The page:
2. The second benefit is that opening a reverse mortgage now (especially with current low interest rates) can allow for the principal that you can borrow against to grow for a longer time.

Not everyone can get a reverse mortgage. You must be at least 62 years old, live in a single-family or two-to-four-unit home, and there is a limit to how much mortgage debt can be against the home at the time you apply for the HECM. (For related reading, see: The Reverse Mortgage: A Retirement Tool.)

This is not for everyone. Some downsides are:

  • The closing costs and fees on reverse mortgages are more expensive than conventional loans.
  • You may be tempted to spend your home equity on dumb stuff instead of using it prudently.
  • You still must have enough income or savings to maintain the home and pay property taxes and insurance.
  • There are people out there selling reverse mortgages who may not have your best interest at heart. Investigate and get several quotes before deciding on who to use for a reverse mortgage. (For related reading, see: Beware of These Reverse Mortgage Scams.)

If you are feeling your retirement income is too tight and you meet the eligibility requirements, using your home equity through a home equity conversion mortgage may be worth investigating.

Check out more from Wade Pfau in this Forbes article. For more information, you can also call National Council on Aging at (800) 510-0301.

This post originally appeared at Investopedia on March 3, 2017. 

Living Paycheck to Paycheck and then . . . Cancer!

Paycheck to PaycheckAt the beginning of 2016, headlines all over the country read something like “63% Of Americans Don’t Have Enough Savings to Cover A $500 Emergency.”  This alarming statistic was according to a 2015 study by  What it really meant is that nearly two-thirds of us are living paycheck to paycheck.  What does a $500 emergency look like– your car needs new breaks, your dog has to go to the vet, or your refrigerator breaks down. These are not uncommon expenses, and they shouldn’t be unexpected expenses.  Nevertheless, 63% of us are not ready to face these everyday emergencies.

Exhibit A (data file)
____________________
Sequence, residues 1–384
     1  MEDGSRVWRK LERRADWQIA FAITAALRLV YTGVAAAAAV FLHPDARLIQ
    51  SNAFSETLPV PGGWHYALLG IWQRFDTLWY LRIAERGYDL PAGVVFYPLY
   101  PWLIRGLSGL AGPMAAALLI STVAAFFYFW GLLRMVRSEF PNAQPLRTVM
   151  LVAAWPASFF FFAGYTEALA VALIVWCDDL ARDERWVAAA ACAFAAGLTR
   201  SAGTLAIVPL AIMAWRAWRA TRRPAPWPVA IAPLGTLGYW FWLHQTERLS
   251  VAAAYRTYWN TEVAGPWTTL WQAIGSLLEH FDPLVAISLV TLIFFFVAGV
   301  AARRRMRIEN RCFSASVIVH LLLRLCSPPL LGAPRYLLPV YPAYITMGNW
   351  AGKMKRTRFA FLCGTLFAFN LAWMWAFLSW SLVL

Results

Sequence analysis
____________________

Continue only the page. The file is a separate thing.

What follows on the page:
What happens when someone in that 63% of Americans is diagnosed with cancer? It can lead to a financial catastrophe. Thanks to the Affordable Care Act (ACA), more Americans have health insurance than ever. But for many people, including those with health insurance coverage through their employers, that insurance doesn’t kick in until they meet their high deductible. If they don’t have $500 in savings, they certainly don’t have the money for their deductible, which often ranges from $1,000 – $10,000. For those without health insurance, they have to pay the entire cost of their cancer treatment. For those with insurance, patients often report being left with out-of-pocket costs ranging from $25,000 to $40,000, beyond what their insurance covered.

Cancer is expensive.  Patients face a myriad of expensive diagnostic tests and therapies including CT scans, MRIs, surgery, chemotherapy and/or radiation, hospital stays, anesthesiologist fees, on-going multiple doctor visits, lab testing, and more. According to the Kaiser Family Foundation, the cost of chemotherapy is going up 10% per year!  And all of this doesn’t take into account lost wages, travel expenses, child care expenses, and other unexpected expenses that may come along with a cancer diagnosis.

If you find yourself or a loved one in this situation, there is help.  Triage Cancer has many financial tools and resources available to you:

Talk with your health care team, as they may know of local resources, as well. The key is not to assume that you don’t qualify. If you don’t ask, you will never know. Remember, you aren’t the only one possibly living paycheck to paycheck.